How to Say “Gone” in German: Formal and Informal Ways Explained

Greetings! If you’re eager to expand your German vocabulary and learn how to say “gone” in various contexts, you’ve come to the right place. In this comprehensive guide, we’ll explore how to express the concept of “gone” in both formal and informal settings. We’ll also touch upon any regional variations when necessary, but our main focus will be on standard German. Let’s dive in and discover the many ways to convey the idea of “gone” in German!

Formal Ways to Say “Gone”

When communicating in a formal context, whether it’s in professional settings or during official interactions, it’s important to use appropriate and respectful language. Here are some formal equivalents of “gone” in German:

1. Verschwunden

This term is a suitable translation for “gone” in a formal setting. It conveys the sense of something or someone disappearing or vanishing. For example:

“Der Verdächtige ist spurlos verschwunden.” (The suspect has disappeared without a trace.)

2. Abwesend

“Abwesend” is utilized to describe someone’s absence or the lack of a particular object or item. It can be used in formal contexts to convey the notion of being “gone.” Here’s an example:

“Leider ist der Direktor momentan abwesend.” (Unfortunately, the director is currently absent.)

Informal Ways to Say “Gone”

Now let’s explore some informal expressions commonly used to describe someone or something being “gone” in German conversations among friends, acquaintances, or in everyday situations:

1. Weg

“Weg” is a versatile word that can be used in various contexts. Its primary meaning is “away” or “gone.” This informal term is commonly used between friends, family members, or in casual conversations. Here’s an example:

“Wo ist deine Schwester?” – “Sie ist für das Wochenende weg.” (Where is your sister? – She’s gone for the weekend.)

2. Nicht da

This expression can be used to indicate that someone is not present or “gone.” It’s a simple and commonly understood way to convey the concept. For example:

“Kann ich mit Peter sprechen?” – “Nein, er ist gerade nicht da.” (Can I speak with Peter? – No, he’s currently not here.)

Regional Variations

While German is spoken throughout Germany, Austria, Switzerland, and other German-speaking regions, there are minor variations in vocabulary and expressions. Let’s take a quick look at a regional variation of “gone” in Bavarian German:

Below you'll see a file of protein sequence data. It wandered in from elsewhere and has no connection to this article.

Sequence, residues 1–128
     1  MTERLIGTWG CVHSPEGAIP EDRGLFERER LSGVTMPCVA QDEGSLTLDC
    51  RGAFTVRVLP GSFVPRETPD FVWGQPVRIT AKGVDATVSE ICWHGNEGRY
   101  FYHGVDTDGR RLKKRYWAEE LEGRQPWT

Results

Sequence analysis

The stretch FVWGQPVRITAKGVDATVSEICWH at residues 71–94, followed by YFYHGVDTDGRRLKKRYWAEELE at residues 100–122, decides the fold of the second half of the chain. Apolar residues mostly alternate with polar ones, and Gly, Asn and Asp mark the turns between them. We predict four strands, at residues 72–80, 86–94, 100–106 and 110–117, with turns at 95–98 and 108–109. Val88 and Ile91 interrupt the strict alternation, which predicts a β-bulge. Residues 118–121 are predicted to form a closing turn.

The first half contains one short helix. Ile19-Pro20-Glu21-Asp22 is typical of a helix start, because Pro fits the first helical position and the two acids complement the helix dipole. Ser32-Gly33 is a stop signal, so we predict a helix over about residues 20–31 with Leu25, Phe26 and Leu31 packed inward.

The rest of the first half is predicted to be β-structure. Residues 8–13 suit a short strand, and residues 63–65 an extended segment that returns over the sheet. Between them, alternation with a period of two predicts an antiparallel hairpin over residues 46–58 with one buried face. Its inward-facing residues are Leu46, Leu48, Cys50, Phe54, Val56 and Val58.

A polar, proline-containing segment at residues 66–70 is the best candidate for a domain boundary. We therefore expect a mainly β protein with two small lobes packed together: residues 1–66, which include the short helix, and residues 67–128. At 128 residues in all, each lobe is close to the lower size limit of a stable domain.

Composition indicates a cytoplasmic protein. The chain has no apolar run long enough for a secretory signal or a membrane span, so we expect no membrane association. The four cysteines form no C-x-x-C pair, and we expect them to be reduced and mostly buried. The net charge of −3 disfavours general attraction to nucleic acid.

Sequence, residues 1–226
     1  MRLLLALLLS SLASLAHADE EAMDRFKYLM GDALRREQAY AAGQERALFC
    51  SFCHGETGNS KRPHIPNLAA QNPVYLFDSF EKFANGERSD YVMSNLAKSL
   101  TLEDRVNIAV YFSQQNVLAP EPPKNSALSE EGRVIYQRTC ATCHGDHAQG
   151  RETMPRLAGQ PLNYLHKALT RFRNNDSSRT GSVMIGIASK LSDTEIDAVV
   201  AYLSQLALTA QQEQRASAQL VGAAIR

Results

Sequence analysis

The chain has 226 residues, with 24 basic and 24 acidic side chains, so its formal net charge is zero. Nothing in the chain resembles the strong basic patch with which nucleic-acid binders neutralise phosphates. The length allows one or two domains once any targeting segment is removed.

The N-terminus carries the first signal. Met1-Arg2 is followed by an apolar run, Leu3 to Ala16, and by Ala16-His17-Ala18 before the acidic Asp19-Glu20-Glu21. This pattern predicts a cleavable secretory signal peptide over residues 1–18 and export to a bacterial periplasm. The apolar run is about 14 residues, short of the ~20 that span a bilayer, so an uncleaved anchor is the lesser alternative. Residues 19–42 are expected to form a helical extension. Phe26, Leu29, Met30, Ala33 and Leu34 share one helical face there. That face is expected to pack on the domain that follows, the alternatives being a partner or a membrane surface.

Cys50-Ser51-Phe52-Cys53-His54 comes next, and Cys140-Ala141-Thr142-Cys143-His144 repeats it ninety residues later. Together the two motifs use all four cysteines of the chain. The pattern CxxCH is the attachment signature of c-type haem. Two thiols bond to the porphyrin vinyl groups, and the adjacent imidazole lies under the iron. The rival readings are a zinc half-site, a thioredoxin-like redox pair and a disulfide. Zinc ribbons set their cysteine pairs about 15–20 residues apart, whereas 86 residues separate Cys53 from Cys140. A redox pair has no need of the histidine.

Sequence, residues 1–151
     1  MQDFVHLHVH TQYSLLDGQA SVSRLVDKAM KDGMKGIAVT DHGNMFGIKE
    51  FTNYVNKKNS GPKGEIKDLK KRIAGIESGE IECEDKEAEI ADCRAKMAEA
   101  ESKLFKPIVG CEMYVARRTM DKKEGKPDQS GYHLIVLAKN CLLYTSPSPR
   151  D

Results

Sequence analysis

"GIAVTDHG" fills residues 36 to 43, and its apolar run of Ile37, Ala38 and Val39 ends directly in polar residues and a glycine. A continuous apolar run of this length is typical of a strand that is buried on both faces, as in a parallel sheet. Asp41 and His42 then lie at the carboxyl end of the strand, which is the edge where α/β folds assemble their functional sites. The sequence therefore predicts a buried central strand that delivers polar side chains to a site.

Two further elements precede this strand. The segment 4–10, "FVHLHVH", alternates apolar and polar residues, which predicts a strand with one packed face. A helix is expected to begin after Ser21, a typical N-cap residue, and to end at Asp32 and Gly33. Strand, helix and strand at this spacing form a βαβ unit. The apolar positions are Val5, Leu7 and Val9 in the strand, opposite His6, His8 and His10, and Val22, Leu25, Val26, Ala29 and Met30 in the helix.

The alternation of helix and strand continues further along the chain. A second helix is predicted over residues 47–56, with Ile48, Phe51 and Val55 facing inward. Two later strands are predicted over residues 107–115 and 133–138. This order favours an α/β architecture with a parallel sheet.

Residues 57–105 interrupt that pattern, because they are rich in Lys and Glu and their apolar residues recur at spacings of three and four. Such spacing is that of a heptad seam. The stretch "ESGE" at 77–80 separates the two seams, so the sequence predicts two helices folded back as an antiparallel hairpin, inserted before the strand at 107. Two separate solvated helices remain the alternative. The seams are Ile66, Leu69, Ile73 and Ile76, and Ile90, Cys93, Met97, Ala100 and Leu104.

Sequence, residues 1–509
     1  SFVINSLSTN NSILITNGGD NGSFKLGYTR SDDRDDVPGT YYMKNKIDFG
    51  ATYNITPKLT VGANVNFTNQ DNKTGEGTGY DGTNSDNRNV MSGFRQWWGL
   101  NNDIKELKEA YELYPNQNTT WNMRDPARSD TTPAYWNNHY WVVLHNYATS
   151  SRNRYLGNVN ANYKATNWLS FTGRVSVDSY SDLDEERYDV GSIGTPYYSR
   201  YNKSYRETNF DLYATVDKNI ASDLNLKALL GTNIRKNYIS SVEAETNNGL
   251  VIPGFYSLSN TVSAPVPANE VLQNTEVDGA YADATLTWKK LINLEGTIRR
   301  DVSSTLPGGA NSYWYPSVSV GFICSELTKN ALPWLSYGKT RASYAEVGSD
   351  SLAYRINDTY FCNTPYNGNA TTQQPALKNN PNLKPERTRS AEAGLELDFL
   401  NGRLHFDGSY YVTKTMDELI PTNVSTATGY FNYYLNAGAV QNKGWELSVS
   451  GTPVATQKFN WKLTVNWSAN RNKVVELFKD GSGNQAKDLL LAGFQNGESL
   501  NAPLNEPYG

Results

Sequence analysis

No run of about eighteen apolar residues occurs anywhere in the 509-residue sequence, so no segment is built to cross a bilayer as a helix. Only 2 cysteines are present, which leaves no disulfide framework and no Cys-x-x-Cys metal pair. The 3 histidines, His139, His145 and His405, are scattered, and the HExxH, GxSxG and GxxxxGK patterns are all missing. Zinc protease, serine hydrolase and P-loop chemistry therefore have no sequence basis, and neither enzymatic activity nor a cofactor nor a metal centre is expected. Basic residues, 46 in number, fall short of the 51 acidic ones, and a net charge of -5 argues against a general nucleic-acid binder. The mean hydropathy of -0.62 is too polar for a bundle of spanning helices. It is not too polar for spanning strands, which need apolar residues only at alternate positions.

1. Niad do

In Bavarian German, “Niad do” is commonly used to convey the idea of someone or something being “gone” or “not here.” Here’s an example:

“Wo ist der Kugelschreiber?” – “Er is niad do, i hob’n woanders hi’glegt.” (Where is the pen? – It’s not here, I put it somewhere else.)

Tips for Proper Usage

Now that we’ve covered different ways to say “gone” in German, it’s important to keep a few tips in mind:

  • Consider the context: Always choose the appropriate term based on the context and level of formality.
  • Listen and observe: Pay attention to how native speakers use these expressions in real-life conversations to enhance your understanding and fluency.
  • Practice makes perfect: Try using these words and phrases in your own conversations to reinforce your knowledge.


Congratulations! You’ve reached the end of our guide on how to say “gone” in German. We’ve explored both formal and informal ways to express this concept, introducing you to essential vocabulary that will help you navigate various social situations. Remember to adapt your choice of words based on the context and level of formality. With practice and exposure to native speakers, you’ll soon feel confident incorporating these expressions into your German conversations. Viel Glück (Good luck)!

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